I-Team investigation finds shortage of police, EMS dispatchers to answer 911 calls

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CLEVELAND - The Fox 8 I-Team is investigating more open jobs for Cleveland dispatchers and what it means when you call 911, especially with the city now taking in hundreds more emergency calls each day.

Last year, we first exposed the problem, and we found delays sometimes in getting 911 calls answered quickly. In fact, the family of a baby shot on Cleveland’s east side waited a minute and a half for a Cleveland dispatcher to pick up.

Now the I-Team has found more open positions than we did before, and we found city dispatchers answering as many as an extra 600 more calls a day.

The extra calls are cell phone 911 calls. Until recently, those calls had first been handled by county dispatchers. Now those cell emergency calls go directly to the city.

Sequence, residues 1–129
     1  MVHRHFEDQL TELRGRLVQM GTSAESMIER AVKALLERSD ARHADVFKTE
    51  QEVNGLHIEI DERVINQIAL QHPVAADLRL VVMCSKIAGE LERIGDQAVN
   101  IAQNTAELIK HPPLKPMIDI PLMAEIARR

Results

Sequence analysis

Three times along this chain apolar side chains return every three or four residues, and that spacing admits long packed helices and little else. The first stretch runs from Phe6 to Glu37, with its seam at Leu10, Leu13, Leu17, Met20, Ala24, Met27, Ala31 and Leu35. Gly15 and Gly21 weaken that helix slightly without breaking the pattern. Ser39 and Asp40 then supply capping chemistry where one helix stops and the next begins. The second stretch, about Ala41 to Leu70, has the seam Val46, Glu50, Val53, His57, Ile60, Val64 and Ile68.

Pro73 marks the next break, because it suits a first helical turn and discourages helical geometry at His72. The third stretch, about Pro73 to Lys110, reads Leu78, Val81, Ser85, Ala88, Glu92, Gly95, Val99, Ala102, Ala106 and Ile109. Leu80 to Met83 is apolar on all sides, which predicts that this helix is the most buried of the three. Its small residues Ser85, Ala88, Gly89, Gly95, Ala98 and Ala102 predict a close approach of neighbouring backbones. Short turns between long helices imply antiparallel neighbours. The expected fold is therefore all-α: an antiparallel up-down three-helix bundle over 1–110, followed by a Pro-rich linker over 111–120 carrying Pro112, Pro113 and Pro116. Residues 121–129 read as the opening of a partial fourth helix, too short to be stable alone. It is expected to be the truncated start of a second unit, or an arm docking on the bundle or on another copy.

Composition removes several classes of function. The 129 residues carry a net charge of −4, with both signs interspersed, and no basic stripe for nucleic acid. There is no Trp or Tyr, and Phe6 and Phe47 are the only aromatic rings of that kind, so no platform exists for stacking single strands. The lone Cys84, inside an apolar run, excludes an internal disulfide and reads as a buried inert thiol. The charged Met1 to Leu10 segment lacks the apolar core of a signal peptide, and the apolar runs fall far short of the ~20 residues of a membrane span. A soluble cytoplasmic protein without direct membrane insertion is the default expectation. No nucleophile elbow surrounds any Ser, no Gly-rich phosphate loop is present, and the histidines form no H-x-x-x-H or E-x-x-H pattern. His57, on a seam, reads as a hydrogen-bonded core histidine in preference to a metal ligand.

The city says it has openings for 13 police dispatchers and 4 ambulance dispatchers. We’re told the city has new EMS dispatchers in training, and the city is in the process of hiring new police dispatchers. However, the police dispatchers likely won’t complete the hiring process and training for months.

A police commander says part of the problem is the stress of the job. Many folks decide they can’t handle it or get tired of it, and that leads to openings.

The open positions have been filled with dispatchers working overtime. Often, that overtime is mandatory or forced so that the city doesn’t dip below minimum staffing for handling 911 calls.

Wednesday, during a city council tour of the dispatch area, Councilman Jeff Johnson echoed a concern of union leaders. He worried that overworked dispatchers could lead to critical mistakes in life and death situations.